Kicking off Diverse Book Week: Looking for Alibrandi by Melina Marchetta

Title: looking for alibrandiLooking for Alibrandi

Author: Melina Marchetta

Genre: YA contemporary

Length: 313 pages

Published by: Penguin

Source: swapped with Mel from YA Midnight Reads

Blurb: 

For as long as Josephine Alibrandi can remember, it’s just been her, her mom, and her grandmother. Now it’s her final year at a wealthy Catholic high school. The nuns couldn’t be any stricter—but that doesn’t seem to stop all kinds of men from coming into her life.

Caught between the old-world values of her Italian grandmother, the no-nonsense wisdom of her mom, and the boys who continue to mystify her, Josephine is on the ride of her life. This will be the year she falls in love, the year she discovers the secrets of her family’s past—and the year she sets herself free.

Told with unmatched depth and humor, this novel—which swept the pool of Australian literary awards and became a major motion picture—is one to laugh through and cry with, to cherish and remember.

Today we’re kicking off Diverse Book Week with one my Australian audience is probably familiar with – Looking for Alibrandi by Melina Marchetta. This week is going to be full of discussions, reviews and recommendations – I hope you enjoy it!

HOW IS IT DIVERSE?

Looking for Alibrandi explores Italian culture within Australia. With Australia being such a multicultural country, there are often people with variegated backgrounds. My school alone has people from all over the world, with dozens of nationalities, cultures, heritages and ethnicities. Josephine’s conflict between Italian values and Australian culture was real, and diverse, and why I’m featuring it as part of Diverse Book Week.

MY REVIEW

I don’t know how I didn’t read this book sooner. I mean, it’s THE Australian YA contemporary book. Not sure how it took me so long. Frankly I’m ashamed of myself.

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This book is so REAL. Josephine is a protagonist you can relate to even now, quite a few years after the book was published. She’s dramatic, and funny, and over-the-top. I absolutely loved her.

I also loved the mother-daughter and father-daughter relationships. I would never get away with some of the things Josie says to her mum, but I could believe that she could. They quibble with each other and argue, but it’s usually pretty light. When her dad appears on the scene, I wanted to hate him, but I couldn’t. It was so realistic how that relationship was portrayed.

The actual beginning, the first few pages of the book, are my favourite EVER. It subverts your expectations straight away, and gives such a sense of character that I know I was going to love this book. Honestly, if you come across it in a bookstore, just read the first couple of pages. They’re FANTASTIC. I loved Josie straight away. She is actually one of the funniest protagonists in YA fiction.

There are culture clashes in this book, and confusion, and loss and friendships and love and loneliness. I can definitely see why this is the most commonly-cited Australian YA contemporary book.

A fantastic story about growing up and coming to terms with who you are. 

And if you liked this, you might like these two, which also focus on different cultures within Australia:

the first thirdthe mimosa tree

Next on Diverse Book Week: I share my recommendations of diverse books as part of Top Ten Tuesday. Though it will probably end up being more than ten…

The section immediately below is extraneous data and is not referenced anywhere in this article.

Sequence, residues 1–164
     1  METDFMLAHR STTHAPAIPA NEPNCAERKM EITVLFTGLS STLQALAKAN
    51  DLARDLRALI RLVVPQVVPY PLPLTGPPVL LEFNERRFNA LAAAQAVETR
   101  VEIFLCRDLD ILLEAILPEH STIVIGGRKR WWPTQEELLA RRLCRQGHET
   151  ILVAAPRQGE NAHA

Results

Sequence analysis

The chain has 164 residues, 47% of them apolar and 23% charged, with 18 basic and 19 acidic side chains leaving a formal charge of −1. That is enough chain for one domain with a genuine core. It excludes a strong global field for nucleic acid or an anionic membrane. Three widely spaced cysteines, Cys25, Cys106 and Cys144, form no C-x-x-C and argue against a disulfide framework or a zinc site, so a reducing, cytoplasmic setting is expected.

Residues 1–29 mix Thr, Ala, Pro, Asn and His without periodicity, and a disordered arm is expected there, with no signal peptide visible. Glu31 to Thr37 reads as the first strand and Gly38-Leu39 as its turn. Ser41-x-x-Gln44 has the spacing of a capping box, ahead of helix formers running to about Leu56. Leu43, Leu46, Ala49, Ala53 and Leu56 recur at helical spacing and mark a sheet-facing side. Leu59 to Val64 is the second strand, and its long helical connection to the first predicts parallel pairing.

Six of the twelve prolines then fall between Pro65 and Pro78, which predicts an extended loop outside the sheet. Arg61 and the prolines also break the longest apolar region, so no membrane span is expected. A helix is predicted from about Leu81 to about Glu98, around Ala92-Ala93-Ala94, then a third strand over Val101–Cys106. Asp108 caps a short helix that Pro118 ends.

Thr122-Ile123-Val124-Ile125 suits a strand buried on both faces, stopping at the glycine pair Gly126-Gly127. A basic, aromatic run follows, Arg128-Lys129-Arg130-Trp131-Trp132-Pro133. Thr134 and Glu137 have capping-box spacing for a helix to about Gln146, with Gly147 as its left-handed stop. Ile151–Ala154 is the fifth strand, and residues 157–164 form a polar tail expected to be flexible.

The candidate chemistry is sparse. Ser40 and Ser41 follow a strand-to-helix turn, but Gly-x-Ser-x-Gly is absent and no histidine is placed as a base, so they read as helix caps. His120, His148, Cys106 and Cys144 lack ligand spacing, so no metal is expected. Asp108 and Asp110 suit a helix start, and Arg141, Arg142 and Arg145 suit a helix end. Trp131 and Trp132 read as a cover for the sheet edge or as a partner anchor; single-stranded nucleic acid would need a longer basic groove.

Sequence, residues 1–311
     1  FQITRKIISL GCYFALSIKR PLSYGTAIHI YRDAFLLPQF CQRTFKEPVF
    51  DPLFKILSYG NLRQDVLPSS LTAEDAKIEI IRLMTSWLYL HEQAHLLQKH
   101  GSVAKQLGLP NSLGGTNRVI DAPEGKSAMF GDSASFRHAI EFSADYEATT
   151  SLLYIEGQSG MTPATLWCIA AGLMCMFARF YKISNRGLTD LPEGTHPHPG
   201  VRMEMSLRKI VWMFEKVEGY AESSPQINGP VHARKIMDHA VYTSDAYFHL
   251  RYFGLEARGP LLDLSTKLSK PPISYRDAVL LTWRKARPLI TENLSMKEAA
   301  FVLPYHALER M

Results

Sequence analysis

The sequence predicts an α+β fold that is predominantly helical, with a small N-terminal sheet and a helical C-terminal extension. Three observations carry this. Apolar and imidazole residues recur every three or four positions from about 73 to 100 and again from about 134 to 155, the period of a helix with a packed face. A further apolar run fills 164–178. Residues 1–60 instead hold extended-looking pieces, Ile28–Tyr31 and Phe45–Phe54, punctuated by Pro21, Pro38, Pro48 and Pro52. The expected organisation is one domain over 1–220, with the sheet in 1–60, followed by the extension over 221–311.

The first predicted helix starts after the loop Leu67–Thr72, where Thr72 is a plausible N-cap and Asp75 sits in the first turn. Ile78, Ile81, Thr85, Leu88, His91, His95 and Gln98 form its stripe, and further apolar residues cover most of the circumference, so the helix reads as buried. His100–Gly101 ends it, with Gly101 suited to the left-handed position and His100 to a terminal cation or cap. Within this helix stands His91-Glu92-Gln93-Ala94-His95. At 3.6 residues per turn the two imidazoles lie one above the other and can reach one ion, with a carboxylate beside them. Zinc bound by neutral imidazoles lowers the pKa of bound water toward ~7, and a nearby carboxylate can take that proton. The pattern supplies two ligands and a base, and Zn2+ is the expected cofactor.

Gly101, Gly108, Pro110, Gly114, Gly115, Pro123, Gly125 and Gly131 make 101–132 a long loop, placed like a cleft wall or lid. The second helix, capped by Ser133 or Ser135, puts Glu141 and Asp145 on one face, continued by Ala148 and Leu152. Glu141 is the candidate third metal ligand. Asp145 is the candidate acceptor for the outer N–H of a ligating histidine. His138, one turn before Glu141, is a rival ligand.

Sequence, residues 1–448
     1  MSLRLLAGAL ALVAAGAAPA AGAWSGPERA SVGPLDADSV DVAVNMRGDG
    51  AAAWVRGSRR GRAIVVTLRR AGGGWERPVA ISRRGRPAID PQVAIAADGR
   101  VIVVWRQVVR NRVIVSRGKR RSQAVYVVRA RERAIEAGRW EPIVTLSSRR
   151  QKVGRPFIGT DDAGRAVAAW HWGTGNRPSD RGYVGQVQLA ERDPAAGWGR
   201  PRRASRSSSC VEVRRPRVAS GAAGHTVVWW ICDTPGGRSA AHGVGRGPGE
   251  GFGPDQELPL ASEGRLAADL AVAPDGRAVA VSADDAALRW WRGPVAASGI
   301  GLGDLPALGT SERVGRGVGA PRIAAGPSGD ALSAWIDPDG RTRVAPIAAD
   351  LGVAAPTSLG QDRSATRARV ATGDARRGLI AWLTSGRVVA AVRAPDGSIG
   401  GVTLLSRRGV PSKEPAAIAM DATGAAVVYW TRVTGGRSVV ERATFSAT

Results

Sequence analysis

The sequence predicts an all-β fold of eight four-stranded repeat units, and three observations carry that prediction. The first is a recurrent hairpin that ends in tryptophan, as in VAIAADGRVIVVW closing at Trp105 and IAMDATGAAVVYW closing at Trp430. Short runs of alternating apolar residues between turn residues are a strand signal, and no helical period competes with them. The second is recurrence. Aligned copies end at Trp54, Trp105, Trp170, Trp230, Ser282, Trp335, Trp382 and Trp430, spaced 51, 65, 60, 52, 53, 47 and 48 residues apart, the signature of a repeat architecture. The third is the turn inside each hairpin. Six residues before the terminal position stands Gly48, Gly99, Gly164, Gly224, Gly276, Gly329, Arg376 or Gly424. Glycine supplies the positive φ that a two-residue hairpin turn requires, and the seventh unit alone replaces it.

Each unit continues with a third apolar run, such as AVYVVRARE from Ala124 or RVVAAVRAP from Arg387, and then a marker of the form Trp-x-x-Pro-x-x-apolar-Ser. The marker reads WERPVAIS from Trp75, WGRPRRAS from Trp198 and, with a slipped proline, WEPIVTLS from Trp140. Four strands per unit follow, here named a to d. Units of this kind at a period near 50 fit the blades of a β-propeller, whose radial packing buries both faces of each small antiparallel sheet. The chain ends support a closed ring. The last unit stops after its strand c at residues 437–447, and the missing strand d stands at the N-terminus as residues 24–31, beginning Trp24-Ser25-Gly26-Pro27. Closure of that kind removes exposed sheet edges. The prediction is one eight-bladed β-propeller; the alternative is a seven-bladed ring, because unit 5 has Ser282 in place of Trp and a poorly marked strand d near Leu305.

Rating: 4/5 Wonderkitties

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13 thoughts on “Kicking off Diverse Book Week: Looking for Alibrandi by Melina Marchetta

  1. Love this book, one of my favorites from my younger years (and still today 🙂 ), it was made into a movie as well. Sometimes book to movie adaptions don’t actually work in favor of the book, but i could watch this movie over and over.

  2. I hadn’t heard of this one before, but I’m really intrigued! I live in the US, so I have no idea about Australian cultures and customs, but I love learning about other countries, so I’ll definitely have to give this a try! Coming to terms with who you are is such a rare topic in YA literature and I feel like it’s a topic that should be explored more, so this definitely sounds like something that would interest me!

    Thanks for sharing Emily, and, as always, BRILLIANT review! ❤ Would you happen to know if this is available in the US or just in Australia?

  3. Yay! Thanks for the fantastic review, Emily! I haven’t read this book yet either… *hides*. HOWEVER, I do own a copy and I recently read On the Jellicoe Road by Melina Marchetta and fell in love with it, so I’m sure that I’ll be picking up Looking for Alibrandi very soon!

  4. Great review Emily, I enjoyed Looking for Alibrandi when I read it as a required read in high school 🙂 Have you seen the movie as well? I love classic YA reads about culture in Australia, the First Third was great too.

  5. I’m very happy to read this review! I’ve never read a single Marchetta, but my goodness, the praises people give her in their reviews of her books are overwhelming! She just has a knack for writing awesome characters and storylines 🙂 I remember Dre reading this not too long ago and loving it as well so I’ll definitely have to check it out now.

    Faye at The Social Potato Reviews

  6. I loved this one as well, and only read it a few months ago for the first time. Marchetta writes the Aussie Italian family to perfection and it reminded me so much of Looking for Francesca as well. Loved them both equally. It’s probably THE Aussie contemporary to read, and it doesn’t date either. Teens will no doubt be reading it in another ten years and still be able to related. Awesome review Em 🙂

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